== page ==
South Sudan will remain in its underdevelopment trap until such a time that it provides itself, through democratic (i.e., bottom-up, people-driven, participatory and inclusive) constitution-making, with institutional arrangements that guarantee the rule of law. For, without a set of laws and institutions that adequately constrains civil servants and politicians, the latter will continue to consider themselves above the law and behave with impunity.
- Writing five months later at South Sudan’s second anniversary, Mbaku, again spoke to many of these issues, and again emphasized corruption in the public sector: “These problems and challenges,” he wrote,
are symptoms or manifestations of poorly developed laws and institutions. In fact, without a set of institutional arrangements that adequately constrain civil servants and politicians, the latter will continue to engage in growth-inhibiting behaviors, such as corruption and rent seeking, and derail the country’s development plans. Hence, the most important task for South Sudan as it celebrates its second anniversary of independence is state reconstruction through democratic constitution making to provide laws and institutions that guarantee the rule of law. Until this is done, the country will be unable to deal effectively and fully with the various problems that keep it poor and highly deprived.
- In August, after President Kiir sacked his cabinet and Vice President Machar, AGI Director Kimenyi and Guest Scholar Josephine Kibe wrote that “Sudan appears headed in the wrong direction.” They wrote that “such actions illustrate,”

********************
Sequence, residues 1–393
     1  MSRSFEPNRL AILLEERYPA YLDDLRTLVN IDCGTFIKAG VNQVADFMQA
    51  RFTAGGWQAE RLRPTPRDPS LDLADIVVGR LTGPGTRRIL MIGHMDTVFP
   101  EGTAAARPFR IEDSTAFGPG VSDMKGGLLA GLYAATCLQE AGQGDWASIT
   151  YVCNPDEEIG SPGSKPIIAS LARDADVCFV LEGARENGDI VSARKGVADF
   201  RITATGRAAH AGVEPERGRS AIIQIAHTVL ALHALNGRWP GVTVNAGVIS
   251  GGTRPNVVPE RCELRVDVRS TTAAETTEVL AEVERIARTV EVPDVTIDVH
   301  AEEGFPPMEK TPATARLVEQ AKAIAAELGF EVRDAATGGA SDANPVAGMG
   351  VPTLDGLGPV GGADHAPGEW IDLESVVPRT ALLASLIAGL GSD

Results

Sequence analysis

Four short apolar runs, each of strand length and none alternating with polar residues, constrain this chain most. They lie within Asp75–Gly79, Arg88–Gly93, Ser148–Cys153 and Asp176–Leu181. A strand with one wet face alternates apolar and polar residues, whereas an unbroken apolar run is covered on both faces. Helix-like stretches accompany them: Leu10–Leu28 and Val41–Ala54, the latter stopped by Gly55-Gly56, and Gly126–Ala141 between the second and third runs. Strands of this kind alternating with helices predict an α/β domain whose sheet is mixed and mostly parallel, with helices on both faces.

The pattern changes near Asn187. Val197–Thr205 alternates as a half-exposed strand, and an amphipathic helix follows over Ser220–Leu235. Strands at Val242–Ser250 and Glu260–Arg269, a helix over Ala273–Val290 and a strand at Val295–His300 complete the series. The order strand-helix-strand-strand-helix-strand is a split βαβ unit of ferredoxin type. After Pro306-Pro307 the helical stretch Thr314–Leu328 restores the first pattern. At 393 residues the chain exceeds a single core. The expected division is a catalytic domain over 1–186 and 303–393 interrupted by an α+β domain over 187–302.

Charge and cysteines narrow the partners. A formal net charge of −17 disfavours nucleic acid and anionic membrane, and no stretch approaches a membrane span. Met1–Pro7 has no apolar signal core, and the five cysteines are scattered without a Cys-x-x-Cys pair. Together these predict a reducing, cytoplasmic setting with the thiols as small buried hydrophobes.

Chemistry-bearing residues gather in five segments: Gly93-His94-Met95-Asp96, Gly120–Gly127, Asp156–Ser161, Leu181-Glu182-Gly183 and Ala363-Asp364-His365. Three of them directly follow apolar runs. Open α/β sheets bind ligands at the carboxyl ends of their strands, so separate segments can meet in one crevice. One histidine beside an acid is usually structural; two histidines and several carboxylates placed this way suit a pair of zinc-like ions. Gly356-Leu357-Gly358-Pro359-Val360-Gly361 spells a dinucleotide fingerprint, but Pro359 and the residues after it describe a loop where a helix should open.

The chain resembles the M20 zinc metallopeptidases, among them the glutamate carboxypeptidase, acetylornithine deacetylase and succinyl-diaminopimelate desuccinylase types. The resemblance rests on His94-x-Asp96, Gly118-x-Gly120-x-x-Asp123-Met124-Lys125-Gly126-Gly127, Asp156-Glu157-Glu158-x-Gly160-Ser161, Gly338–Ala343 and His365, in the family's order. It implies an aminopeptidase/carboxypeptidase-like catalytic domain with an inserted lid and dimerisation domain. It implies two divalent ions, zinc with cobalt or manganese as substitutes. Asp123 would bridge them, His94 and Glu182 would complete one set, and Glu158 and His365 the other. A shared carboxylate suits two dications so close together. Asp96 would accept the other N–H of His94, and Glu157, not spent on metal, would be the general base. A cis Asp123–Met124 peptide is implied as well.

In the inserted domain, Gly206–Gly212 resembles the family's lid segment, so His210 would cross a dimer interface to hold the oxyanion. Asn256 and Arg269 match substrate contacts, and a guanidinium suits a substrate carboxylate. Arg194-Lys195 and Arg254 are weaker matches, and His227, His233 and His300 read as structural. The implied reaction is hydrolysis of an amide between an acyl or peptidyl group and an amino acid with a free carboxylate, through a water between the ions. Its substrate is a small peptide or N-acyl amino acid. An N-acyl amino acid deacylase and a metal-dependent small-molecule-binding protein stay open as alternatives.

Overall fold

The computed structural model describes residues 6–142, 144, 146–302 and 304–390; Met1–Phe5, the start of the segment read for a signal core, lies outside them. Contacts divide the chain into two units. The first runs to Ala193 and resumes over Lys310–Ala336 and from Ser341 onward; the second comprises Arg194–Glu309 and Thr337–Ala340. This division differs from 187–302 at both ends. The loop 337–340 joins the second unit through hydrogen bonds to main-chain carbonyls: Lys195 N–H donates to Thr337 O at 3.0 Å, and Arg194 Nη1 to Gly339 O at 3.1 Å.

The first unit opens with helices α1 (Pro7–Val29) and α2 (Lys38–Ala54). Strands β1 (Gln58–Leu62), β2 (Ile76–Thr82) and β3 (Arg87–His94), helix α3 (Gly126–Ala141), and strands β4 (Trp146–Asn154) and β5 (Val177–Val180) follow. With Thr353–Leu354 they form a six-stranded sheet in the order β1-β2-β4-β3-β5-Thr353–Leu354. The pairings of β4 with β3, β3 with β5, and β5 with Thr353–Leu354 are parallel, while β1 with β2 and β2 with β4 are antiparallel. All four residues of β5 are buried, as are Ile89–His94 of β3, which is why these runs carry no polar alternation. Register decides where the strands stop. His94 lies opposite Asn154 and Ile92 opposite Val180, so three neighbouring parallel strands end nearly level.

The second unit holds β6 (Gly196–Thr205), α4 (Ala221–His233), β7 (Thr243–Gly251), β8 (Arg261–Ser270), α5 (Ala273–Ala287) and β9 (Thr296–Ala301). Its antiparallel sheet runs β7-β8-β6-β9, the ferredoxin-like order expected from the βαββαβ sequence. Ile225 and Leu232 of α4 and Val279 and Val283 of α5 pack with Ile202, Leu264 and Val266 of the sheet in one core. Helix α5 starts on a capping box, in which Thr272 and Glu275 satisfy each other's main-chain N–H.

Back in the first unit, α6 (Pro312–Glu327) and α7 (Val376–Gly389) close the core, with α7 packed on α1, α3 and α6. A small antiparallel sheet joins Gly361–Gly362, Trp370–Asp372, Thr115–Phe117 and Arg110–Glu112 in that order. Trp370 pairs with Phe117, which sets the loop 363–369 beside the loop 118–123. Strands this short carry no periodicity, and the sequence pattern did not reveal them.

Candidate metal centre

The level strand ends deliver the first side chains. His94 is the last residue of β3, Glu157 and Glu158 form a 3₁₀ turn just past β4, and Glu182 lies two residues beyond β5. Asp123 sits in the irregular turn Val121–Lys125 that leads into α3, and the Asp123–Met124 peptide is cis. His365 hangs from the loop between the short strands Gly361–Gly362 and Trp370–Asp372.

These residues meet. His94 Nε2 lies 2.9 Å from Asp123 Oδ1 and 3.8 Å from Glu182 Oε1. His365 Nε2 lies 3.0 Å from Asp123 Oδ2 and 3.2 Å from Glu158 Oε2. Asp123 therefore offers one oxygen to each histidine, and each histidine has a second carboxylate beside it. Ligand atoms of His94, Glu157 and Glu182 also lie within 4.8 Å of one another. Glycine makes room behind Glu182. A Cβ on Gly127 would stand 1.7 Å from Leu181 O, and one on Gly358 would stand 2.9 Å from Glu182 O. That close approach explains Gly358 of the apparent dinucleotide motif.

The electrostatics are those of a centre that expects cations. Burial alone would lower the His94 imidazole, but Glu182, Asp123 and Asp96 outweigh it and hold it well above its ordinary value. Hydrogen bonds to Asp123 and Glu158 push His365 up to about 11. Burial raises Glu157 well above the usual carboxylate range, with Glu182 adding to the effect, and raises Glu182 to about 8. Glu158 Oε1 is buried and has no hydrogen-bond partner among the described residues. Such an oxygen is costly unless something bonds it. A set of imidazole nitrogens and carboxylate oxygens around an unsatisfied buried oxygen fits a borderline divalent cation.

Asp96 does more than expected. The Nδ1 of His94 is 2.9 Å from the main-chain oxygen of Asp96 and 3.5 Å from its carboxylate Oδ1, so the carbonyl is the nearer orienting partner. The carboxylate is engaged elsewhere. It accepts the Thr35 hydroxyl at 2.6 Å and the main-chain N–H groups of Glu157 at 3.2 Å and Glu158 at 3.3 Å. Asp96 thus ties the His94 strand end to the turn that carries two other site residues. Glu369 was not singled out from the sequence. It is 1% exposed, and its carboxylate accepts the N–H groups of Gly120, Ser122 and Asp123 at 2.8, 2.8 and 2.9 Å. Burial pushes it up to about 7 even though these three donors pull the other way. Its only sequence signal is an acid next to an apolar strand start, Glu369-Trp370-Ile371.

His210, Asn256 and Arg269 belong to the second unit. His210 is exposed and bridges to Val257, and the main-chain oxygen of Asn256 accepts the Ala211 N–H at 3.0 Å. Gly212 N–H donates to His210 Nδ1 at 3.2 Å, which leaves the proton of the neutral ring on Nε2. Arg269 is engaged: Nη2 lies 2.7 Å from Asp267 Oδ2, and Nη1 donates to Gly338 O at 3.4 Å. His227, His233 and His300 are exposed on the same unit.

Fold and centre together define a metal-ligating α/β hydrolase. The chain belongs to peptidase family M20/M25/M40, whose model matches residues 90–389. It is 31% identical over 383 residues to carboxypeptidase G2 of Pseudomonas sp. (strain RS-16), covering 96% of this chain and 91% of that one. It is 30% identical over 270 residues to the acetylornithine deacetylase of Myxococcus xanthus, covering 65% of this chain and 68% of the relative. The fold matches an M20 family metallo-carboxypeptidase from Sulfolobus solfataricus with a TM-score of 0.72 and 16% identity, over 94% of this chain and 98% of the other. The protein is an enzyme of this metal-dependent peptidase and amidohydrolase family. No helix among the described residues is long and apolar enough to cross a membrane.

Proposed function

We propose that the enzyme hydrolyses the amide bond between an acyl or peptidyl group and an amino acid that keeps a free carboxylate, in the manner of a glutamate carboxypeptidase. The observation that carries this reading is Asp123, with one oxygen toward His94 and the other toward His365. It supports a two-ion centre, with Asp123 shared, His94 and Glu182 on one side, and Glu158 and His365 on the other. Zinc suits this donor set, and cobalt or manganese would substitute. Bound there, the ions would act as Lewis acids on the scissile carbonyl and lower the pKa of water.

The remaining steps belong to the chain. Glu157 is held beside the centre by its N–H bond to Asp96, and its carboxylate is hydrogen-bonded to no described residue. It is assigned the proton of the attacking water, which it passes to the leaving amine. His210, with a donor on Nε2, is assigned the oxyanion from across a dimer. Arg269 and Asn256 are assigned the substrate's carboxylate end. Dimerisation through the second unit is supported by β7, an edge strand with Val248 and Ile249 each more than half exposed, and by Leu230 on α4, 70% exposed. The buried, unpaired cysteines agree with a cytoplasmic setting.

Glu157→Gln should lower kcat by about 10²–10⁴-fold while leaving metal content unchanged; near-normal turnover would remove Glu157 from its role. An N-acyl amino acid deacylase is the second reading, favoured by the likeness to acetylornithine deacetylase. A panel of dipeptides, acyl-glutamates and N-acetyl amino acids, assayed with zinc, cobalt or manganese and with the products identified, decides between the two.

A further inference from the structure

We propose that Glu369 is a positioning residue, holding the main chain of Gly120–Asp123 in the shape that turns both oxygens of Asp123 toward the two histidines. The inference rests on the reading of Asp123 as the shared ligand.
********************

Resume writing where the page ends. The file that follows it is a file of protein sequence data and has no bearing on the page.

a high concentration of power at the executive level and can have dire consequences for the country. The perception of abuse of power, whether real or not, can lead to dissent among citizens—history in similar situations has shown that this perception can result in a military coup, particularly when the Sudanese people feel that they are not inclusively represented in government (as is the case right now). Unless there is real change in the organs of governance and in particular institutions for consensual decision making, the likelihood of escalated ethnic conflict, or even military intervention, in the near future is not far-fetched.
- In November, the Brookings-LSE Project on Internal Displacement held a roundtable discussion to address solutions to the crisis of internal displacement in South Sudan. Tens of thousands of refugees in such countries as Ethiopia and Kenya returned to South Sudan in its lead-up to independence, and thousands more have been displaced internally by continued armed conflict and human-rights violations. Chaloka Beyani, IDP co-director and the United Nations Special Rapporteur on the human rights of internally displaced persons, said that “Development and peace can hardly be achieved when thousands of South Sudanese remain uprooted.”
- Finally, last week, just after the attempted coup in South Sudan’s capital, Kibe and Kimenyi pointed again to the “high concentration of power around the presidency and the general weakness of the country’s institutions” as contributing factors to the violence. They wrote of the underlying causes of the instability and potential consequences.
The recent coup attempt is a testimony of the inability of the leaders in SPLM to maintain unity. The country is run on patronage politics where the dominant figures, President Kiir and Machar, represent interests of the two largest ethnic tribes, the Dinka and Nuer, respectively. The legitimacy of the state can only be achieved if it provides essential services such as education, health and security to the citizens and, as it stands now, the country’s attention is not on providing these services. There is an urgent need for the government to act quickly to avert the threat of a civil war and instability in the country. International organizations and partners must insist on the country developing participatory institutions and broadening the political field. This can be done by encouraging civil society groups, providing assistance aimed at enhancing the legislative space, and targeting foreign aid and assistance towards the promotion of democracy. The opportunity cost of instability is too high for this very young country.